E Sala, SC Eberhardt, O Akin, CS Moskowitz, CN Onyebuchi, K Kuroiwa, N Ishill, MJ Zelefsky, JA Eastham, H Hricak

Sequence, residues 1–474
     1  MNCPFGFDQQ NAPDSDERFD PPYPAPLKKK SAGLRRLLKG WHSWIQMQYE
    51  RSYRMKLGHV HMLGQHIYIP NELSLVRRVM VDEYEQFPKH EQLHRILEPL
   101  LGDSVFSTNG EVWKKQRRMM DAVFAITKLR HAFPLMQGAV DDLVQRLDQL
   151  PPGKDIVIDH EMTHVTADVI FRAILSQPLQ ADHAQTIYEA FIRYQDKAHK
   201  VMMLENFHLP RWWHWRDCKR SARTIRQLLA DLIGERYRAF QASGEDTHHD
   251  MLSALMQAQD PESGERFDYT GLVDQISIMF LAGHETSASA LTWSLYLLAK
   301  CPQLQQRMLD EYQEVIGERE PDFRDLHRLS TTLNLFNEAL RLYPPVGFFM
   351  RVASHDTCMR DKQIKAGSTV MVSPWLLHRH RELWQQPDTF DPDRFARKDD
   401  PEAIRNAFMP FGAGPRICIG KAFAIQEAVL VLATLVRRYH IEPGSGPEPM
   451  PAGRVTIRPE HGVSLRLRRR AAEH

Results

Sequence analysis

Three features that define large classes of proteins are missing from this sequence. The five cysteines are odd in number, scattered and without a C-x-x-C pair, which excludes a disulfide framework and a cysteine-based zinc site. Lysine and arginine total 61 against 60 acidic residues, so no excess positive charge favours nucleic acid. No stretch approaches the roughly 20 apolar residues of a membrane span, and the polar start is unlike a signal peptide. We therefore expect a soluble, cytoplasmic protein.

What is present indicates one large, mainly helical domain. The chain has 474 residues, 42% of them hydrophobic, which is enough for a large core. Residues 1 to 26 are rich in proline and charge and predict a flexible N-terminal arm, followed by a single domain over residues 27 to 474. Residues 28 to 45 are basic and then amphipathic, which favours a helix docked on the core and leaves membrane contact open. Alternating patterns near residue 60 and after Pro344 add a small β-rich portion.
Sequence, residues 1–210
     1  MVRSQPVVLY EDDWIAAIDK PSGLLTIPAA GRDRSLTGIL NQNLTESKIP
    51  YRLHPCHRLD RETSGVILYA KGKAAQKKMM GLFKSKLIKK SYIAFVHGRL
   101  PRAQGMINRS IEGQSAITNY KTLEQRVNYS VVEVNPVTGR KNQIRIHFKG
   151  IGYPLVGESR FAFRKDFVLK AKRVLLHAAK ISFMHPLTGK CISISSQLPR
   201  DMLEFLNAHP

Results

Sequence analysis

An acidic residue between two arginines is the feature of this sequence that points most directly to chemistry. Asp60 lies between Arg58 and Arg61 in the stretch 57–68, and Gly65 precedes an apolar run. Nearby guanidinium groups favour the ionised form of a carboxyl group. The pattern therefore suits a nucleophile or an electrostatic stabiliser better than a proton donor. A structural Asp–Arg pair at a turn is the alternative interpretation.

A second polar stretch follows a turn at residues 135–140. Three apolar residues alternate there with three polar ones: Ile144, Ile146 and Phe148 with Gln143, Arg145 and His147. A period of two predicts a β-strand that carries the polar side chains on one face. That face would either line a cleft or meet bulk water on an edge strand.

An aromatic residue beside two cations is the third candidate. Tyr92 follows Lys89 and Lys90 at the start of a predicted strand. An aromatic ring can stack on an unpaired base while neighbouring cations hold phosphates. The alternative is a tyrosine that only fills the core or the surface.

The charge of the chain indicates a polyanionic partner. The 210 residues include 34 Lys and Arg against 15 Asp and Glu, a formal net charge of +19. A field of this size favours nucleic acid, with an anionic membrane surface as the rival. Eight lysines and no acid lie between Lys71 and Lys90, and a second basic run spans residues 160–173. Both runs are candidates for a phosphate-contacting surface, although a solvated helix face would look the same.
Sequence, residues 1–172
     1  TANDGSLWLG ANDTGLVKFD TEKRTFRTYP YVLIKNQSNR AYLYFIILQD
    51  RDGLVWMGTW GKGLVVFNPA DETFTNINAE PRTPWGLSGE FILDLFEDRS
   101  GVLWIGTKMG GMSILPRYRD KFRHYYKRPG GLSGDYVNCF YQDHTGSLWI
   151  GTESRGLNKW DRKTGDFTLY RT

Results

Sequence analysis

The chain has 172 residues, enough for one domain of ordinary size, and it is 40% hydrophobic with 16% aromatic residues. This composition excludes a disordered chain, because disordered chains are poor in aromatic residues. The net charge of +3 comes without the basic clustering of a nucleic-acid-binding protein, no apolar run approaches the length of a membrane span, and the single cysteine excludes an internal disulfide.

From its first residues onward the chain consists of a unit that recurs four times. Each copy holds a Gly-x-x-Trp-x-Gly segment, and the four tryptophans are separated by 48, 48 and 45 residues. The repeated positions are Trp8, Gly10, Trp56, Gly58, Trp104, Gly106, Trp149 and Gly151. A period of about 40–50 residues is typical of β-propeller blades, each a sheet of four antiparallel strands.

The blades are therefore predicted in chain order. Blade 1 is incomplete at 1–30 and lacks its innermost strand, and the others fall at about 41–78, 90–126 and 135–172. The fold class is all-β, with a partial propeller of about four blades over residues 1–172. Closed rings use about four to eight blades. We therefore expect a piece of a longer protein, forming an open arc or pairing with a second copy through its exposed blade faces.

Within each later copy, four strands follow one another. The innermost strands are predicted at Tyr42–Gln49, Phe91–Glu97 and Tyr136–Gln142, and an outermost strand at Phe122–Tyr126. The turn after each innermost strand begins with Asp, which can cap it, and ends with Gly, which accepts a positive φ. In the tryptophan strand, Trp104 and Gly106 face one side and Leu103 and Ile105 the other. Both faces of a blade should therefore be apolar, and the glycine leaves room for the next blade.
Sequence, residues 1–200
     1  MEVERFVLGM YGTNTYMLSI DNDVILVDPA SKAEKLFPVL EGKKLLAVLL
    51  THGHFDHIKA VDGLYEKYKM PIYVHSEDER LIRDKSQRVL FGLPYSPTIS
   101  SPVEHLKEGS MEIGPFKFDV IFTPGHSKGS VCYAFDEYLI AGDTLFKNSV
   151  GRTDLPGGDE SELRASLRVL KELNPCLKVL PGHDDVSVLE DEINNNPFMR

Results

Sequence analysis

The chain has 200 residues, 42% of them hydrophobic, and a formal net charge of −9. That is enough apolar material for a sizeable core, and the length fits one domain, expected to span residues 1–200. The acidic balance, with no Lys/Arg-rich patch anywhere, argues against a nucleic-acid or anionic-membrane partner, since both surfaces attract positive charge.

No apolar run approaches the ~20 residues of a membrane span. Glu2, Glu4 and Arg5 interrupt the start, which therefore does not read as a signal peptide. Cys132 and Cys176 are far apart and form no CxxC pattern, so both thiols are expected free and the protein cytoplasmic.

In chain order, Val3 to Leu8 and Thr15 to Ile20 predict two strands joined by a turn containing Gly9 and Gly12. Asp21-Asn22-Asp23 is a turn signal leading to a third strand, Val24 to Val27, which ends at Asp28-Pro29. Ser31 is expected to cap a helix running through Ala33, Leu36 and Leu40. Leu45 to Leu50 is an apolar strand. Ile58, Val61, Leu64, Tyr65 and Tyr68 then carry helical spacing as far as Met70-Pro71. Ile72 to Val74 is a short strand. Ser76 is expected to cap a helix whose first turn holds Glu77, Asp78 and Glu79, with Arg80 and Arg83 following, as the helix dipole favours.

PURPOSE: To evaluate retrospectively the accuracy of endorectal magnetic resonance (MR) imaging for the depiction of tumor, extracapsular extension (ECE), and seminal vesicle invasion (SVI) before salvage prostatectomy in patients with locally recurrent prostate cancer after radiation therapy, by using pathologic analysis as the reference standard. MATERIALS AND METHODS: The Institutional Review Board granted exempt status for this HIPAA-compliant study, with a waiver of informed consent. Forty-five consecutive patients (age range, 43-76 years) were identified who underwent salvage radical prostatectomy for prostate cancer at Memorial Sloan-Kettering Cancer Center between December 1, 1998, and October 31, 2004, and who underwent endorectal MR imaging prior to surgery. Tumor localization and determination of local stage with MR imaging were performed independently by two radiologists. Interpretations were compared to pathologic findings from surgical specimens. Interrater variability was estimated with the kappa statistic. Areas under the receiver operating characteristic curve (AUCs) were used to assess the accuracy of endorectal MR imaging in tumor detection and determination of ECE and SVI. RESULTS: Findings of histologic examination showed that tumor was present in all patients. For tumor detection, the AUC value for reader 1 was 0.75 (95% confidence interval [CI]: 0.67, 0.84), whereas the AUC value for reader 2 was 0.61 (95% CI: 0.52, 0.71). The AUC values for prediction of ECE were 0.87 (95% CI: 0.80, 0.94) for reader 1 and 0.76 (95% CI: 0.67, 0.85) for reader 2. The AUC values for prediction of SVI were 0.76 (95% CI: 0.62, 0.90) for reader 1 and 0.70 (95% CI: 0.56, 0.85) for reader 2. For all variables, the kappa statistics used to assess interrater agreement between readers were fair (0.45, 0.52, and 0.47 for tumor location, ECE, and SVI, respectively). CONCLUSION: Endorectal MR imaging following radiation therapy can help identify tumor sites and depict ECE and SVI with reasonable accuracy in patients with recurrent prostate cancer.